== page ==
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Mon, 04 May 2009

Blackjack and Perl 6


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When you play Blackjack, you need to collect cards so that the sum of their values gets as close as possible to 21, but not above.

The tricky thing is that an Ace can count both as 1 or 11, whatever suits better for you. So how do we find the best value of a dealt set of cards?

Well, somhow we have to sum over all combinations. For example if you have an ace and a three, you could represent them as 3 and [1, 11] in your program. What you want as a result is the array [4, 14].

The cross meta-operator lets us apply a + pairwise on all possible combinations of a list (shown on Rakudo's REPL):

> say (1, 11 X+ 3).perl
[4, 14]

In principle some of the values could have been greater than 21 (if you had two aces), so let's filter out only those that are at most as large as 21, and find the maximum:

> say [max] (1, 11 X+ 3).grep({$_ <= 21})
14

max is an operator that gives us the larger of two values, and the reduction operator [...] applies this pair wise to all list items.

Now that works, but you can have more than two cards on your hand, so we need to generalize it a bit..

In a perfect Perl 6 world we could simply write [max] ([X+] @cards).grep: {$_ <= 21};, but that requires a quite complicated thing named slice context, which Rakudo doesn't implement yet.

So we have to work around the non-working [X+] by doing the reduction manually:

> my @cards = [1, 11], 4, [1, 11];
  say [max] @cards.reduce({ @^a X+ @^b }).grep: { $_ <= 21 }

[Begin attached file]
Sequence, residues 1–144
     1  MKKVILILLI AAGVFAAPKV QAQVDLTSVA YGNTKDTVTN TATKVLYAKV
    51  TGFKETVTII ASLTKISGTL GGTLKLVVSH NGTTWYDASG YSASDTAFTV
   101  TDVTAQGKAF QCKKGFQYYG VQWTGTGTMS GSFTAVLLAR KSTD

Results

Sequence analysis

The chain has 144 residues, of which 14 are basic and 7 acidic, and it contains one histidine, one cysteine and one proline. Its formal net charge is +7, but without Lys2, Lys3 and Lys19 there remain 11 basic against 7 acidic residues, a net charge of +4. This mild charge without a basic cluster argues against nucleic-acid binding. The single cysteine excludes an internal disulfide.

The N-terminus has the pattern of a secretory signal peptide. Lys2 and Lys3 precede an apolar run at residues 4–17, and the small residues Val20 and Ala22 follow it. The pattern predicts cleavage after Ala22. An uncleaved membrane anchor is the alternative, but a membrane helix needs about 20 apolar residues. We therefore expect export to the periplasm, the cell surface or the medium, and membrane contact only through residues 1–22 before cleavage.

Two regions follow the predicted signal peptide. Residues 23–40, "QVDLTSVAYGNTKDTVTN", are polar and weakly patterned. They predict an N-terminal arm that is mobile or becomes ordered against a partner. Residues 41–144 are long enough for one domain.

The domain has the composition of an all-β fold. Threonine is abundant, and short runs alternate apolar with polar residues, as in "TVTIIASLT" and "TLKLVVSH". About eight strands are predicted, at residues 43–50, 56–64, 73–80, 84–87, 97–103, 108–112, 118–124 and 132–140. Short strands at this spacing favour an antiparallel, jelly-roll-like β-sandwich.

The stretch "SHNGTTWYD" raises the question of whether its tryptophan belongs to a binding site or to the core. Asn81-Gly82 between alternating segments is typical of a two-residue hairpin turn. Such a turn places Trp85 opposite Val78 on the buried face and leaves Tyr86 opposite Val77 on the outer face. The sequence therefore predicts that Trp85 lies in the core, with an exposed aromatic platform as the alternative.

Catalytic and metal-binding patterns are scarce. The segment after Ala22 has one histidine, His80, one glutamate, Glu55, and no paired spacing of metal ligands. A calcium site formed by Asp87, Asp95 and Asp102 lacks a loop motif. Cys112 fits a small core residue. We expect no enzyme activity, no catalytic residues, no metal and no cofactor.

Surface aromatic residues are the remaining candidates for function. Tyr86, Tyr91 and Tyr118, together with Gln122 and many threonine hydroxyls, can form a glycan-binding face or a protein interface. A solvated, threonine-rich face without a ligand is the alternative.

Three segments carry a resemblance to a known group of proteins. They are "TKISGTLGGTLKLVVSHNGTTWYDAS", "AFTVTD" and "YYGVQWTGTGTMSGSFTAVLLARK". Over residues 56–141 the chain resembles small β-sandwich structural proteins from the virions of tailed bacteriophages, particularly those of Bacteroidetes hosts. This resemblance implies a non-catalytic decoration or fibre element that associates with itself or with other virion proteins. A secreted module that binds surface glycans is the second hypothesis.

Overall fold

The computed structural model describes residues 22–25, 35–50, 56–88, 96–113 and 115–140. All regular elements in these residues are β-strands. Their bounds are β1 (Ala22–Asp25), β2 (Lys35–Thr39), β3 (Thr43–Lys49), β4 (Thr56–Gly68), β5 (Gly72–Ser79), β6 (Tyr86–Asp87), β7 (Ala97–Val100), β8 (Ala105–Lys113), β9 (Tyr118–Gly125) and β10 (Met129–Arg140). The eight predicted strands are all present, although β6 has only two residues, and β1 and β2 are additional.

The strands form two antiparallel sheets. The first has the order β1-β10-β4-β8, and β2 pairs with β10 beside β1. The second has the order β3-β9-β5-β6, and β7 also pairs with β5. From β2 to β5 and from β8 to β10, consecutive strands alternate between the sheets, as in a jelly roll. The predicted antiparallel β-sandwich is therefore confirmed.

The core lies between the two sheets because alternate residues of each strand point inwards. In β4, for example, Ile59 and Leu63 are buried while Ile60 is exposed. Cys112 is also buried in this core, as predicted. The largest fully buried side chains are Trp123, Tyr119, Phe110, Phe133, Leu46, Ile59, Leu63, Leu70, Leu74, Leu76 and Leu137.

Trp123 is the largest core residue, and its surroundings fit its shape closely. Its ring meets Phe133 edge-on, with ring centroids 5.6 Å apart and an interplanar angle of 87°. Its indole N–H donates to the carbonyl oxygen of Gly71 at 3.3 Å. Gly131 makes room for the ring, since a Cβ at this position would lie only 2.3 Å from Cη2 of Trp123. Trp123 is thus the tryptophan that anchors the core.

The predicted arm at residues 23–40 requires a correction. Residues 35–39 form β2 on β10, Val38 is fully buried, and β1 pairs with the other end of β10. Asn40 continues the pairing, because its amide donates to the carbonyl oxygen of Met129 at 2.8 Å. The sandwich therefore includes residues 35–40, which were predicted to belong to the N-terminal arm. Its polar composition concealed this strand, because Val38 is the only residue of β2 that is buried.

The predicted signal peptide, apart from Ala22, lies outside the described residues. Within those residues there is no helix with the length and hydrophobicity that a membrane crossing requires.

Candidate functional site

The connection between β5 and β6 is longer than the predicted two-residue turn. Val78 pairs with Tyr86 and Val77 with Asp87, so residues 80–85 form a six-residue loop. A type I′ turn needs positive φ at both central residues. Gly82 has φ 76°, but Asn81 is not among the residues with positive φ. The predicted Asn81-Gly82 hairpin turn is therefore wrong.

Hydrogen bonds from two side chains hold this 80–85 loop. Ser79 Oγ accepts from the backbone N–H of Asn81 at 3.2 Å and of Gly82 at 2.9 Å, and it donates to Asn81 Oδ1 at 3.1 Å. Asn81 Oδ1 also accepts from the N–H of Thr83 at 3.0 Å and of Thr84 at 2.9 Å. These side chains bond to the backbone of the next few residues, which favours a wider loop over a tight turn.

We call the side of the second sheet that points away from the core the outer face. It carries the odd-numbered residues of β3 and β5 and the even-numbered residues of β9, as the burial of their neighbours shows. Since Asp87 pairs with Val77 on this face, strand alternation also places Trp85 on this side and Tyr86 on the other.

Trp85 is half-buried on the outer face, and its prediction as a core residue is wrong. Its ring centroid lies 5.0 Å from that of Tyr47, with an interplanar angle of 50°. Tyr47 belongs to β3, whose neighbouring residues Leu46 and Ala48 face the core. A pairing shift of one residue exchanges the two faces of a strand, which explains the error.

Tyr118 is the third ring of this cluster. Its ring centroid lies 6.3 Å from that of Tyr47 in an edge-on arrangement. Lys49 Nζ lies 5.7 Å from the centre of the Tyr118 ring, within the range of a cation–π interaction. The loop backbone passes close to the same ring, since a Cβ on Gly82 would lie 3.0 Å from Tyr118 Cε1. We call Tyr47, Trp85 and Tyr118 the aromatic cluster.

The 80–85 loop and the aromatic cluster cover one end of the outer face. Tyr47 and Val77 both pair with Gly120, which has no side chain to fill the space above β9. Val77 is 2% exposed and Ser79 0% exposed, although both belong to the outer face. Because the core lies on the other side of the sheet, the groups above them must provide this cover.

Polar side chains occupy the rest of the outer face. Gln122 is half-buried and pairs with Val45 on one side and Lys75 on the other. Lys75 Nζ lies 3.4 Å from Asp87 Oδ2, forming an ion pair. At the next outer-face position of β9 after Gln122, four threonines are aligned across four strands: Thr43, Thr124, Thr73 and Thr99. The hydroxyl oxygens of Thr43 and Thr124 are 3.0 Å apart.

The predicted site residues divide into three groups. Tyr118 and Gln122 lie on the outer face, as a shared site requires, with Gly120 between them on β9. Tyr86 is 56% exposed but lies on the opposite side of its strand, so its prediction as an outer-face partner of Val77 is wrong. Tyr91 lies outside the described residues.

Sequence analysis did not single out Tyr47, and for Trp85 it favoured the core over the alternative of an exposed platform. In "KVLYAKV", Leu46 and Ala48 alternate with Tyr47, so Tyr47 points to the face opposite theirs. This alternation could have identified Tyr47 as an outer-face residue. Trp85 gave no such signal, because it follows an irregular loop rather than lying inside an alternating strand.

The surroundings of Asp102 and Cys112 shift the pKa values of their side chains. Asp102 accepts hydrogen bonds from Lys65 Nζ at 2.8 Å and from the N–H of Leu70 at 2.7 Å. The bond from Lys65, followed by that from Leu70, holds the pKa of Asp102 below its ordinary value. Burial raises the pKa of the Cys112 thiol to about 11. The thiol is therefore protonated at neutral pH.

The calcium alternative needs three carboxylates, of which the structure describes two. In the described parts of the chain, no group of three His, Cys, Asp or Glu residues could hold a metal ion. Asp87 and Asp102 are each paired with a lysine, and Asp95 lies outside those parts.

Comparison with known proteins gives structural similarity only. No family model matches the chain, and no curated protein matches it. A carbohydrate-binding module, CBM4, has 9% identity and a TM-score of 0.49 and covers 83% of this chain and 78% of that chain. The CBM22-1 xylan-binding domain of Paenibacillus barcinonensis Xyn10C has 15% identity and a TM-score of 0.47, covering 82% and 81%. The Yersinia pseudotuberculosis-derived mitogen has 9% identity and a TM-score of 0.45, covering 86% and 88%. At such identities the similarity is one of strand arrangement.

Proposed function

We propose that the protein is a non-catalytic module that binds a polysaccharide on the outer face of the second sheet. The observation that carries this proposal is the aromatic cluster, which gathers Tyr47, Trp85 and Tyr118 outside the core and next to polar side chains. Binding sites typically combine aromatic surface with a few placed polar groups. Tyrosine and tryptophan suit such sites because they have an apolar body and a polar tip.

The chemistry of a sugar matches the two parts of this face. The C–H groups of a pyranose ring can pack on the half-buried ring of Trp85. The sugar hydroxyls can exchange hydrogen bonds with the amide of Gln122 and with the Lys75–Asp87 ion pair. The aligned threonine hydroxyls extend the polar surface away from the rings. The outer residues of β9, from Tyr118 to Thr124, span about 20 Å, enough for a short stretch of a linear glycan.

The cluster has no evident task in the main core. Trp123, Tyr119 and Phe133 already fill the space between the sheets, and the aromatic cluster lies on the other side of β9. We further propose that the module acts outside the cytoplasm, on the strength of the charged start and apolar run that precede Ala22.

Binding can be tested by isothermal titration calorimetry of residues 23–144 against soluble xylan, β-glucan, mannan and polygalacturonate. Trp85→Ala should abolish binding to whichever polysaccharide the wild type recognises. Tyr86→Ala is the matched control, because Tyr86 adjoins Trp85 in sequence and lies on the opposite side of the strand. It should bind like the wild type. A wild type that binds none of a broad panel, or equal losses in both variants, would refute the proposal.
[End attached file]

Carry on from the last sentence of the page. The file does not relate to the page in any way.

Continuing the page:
16

(Note: splitted on two lines for readability, but should really be on one line.)

The reduce method does (roughly) the same as the equally named sub in Perl 5's List::Util module: it calls the block with two arguments, where the first one is the previous return value from the block (or the first array item on the first call), and the second is the next list item. The difference is that in Perl 5 the arguments are stored in the special variables $a and $b (about which strict.pm doesn't complain), whereas in Perl 6 they are passed as ordinary arguments to the block. The ^ twigil (secondary sigil) specifies that the value of that variable should be taken from the parameter list, in lexicographic order of all such variables in the block.

Since X+ operates on lists and not on array references, the arguments needs to be derefences. In Perl 5 you'd write that as @{...}, in Perl 6 you can simply bind to a @-sigiled variable - with the slight difference that the derefencing on a number is not an error, but simply returns a list of that number.

(you can write the same thing a bit simpler with junctions, but that doesn't demonstrate the meta operators, and is discouraged for other reasons).

You see that you can still write scary code with Perl 6, and I hope you will play around with it a bit, join us on #perl6 and have the appropriate amount of fun!

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